OPEC and its allies have all but decided to cut oil production in 2019 to shore up what they see as a weak market ahead.
Now comes the hard part: negotiating how much to cut, how to allocate quotas, and what production level to set as the baseline for the cuts. Getting all 25 members of the OPEC/non-OPEC coalition — with their competing agendas, domestic considerations and geopolitical rivalries — will not be an easy task.
The group next meets December 6-7 in Vienna, and discussions have already begun on those particulars, delegates say, with talk that between 1 million and 1.4 million b/d may need to be slashed.
OPEC is a different organization than it was in late 2016, the last time it agreed to institute output cuts. Some members have boosted production, others have shrunk. The Republic of Congo has been added as a member, while Indonesia has left.
A new set of quotas will need to be hashed out to be reflective of current realities.
The current exemptions for Libya and Nigeria may be a place to start. Saudi energy minister Khalid al-Falih has suggested that they may be asked to join in the cuts this time.
Libya and Nigeria, both suffering from internal disruptions, were not given quotas when the coalition instituted 1.8 million b/d in cuts starting January 2017, while Iran was given a cap slightly above its production level at the time.
Production from Libya has risen 580,000 b/d from the October 2016 baseline on which the cuts were based, and Nigerian output has risen 120,000 b/d, according to OPEC data.
Iranian production, however, has fallen 390,000 b/d, mostly in the past few months, as customers cut back their purchases in advance of US sanctions that went into force November 5.
Falih met with Libya’s National Oil Corporation head Mustafa Sanalla on Thursday. The two discussed continuing OPEC’s cooperation with non-OPEC producers to maintain market stability and celebrated Libya’s return to “good production levels,” but did not say whether Sanalla was receptive to joining any output cuts, according to a report by the Saudi Press Agency.
SETTING A BASELINE
Ministers have also said the October 2016 production baseline may be adjusted to a more recent output level.
Given that secondary source assessments of November production levels will not all be ready when the coalition meets, October looks to be the key month that may be considered for a baseline, according to OPEC sources.
As was the case two years ago, some countries have begun to grumble that the six independent secondary sources used by OPEC to monitor output — of which S&P Global Platts is one — are underestimating their actual level of production for the month, which would give them a lower baseline from which they would be expected to cut.
OPEC’s latest Monthly Oil Market Report found that the secondary sources pegged October output at an average of 32.90 million b/d.
That is below the October 2016 benchmark of 33.64 million b/d, when Indonesia’s membership suspension in December 2016, Equatorial Guinea’s reactivation of its membership in May 2017, and the Republic of Congo’s addition in June this year are factored in.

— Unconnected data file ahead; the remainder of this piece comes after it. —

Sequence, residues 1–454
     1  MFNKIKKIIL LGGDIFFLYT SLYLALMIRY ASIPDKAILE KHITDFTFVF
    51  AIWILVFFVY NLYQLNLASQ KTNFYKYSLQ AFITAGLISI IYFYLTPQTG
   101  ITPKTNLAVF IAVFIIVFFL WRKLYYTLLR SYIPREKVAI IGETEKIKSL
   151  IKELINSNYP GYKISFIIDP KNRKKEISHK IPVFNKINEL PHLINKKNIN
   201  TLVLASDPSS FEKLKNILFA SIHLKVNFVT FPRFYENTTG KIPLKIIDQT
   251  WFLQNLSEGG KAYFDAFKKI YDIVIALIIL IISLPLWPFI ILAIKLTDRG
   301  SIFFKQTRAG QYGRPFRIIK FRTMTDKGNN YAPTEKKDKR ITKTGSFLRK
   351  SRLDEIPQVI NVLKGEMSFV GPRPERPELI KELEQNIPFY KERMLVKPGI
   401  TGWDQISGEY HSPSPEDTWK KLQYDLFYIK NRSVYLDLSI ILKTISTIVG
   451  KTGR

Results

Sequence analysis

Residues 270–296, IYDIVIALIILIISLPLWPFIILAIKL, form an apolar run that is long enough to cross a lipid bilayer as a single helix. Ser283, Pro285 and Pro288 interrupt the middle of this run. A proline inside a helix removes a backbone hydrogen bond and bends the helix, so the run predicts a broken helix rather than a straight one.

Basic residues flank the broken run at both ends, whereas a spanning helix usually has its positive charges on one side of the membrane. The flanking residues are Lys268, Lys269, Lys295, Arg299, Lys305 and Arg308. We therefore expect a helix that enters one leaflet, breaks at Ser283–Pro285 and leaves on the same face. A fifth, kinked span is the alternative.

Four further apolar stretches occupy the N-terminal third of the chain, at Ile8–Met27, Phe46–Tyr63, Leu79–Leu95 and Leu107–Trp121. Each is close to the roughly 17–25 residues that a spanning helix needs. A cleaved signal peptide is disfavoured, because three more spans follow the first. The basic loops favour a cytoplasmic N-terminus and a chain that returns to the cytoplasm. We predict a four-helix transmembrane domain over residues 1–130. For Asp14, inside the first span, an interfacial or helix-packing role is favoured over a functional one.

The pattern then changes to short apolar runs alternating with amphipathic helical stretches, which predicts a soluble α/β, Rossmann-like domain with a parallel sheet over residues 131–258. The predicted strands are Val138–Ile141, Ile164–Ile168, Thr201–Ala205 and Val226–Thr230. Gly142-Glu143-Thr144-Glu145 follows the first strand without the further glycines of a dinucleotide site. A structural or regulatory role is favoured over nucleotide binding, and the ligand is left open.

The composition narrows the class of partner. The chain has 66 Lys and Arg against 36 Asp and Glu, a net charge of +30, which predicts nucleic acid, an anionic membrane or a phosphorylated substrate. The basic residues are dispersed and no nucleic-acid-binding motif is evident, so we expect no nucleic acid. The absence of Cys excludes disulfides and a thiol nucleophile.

The changes are not evenly distributed, either.
OPEC kingpin Saudi Arabia’s production was 10.64 million b/d in October this year, according to OPEC figures, up 110,000 b/d from two years ago.
Other gainers beyond Libya and Nigeria include the UAE, which has ramped up its production by 150,000 b/d from October 2016, and Iraq, which has boosted its production by 90,000 b/d, according to the OPEC figures.
Meanwhile, crisis-stricken Venezuela’s production has plummeted 900,000 b/d since October 2016, in addition to Iran’s fall. Angola is down 160,000 b/d from its baseline and Kuwait has dropped 80,000 b/d, as well.
With the group identifying a potential market surplus of up to 1.4 million b/d in early 2019, OPEC will need its 10 non-OPEC partners led by Russia to participate in the cuts if it wants to balance the market.
Russia’s oil output surged to a record high of more than 11.4 million b/d in October, according to official data, and many Russian oil companies are eager to ramp up output, raising questions over how much they would be willing to cut.
Russian President Vladimir Putin on Thursday said it was “obvious we need to cooperate with Saudi Arabia” but did not commit to any cuts, adding that he was satisfied with the current oil price.
Russia does not require as high a price to balance its budget, with Saudi Arabia seen by some analysts as keen to defend a price around $80/b.
“As with all decisions impacting OPEC+, it will boil down to bilateral negotiations between Saudi Arabia and Russia, with the latter being viewed as the most significant obstacle to any future cooperation beyond the end of this year,” said Mohammad Darwazah, an analyst with Medley Global Advisors.
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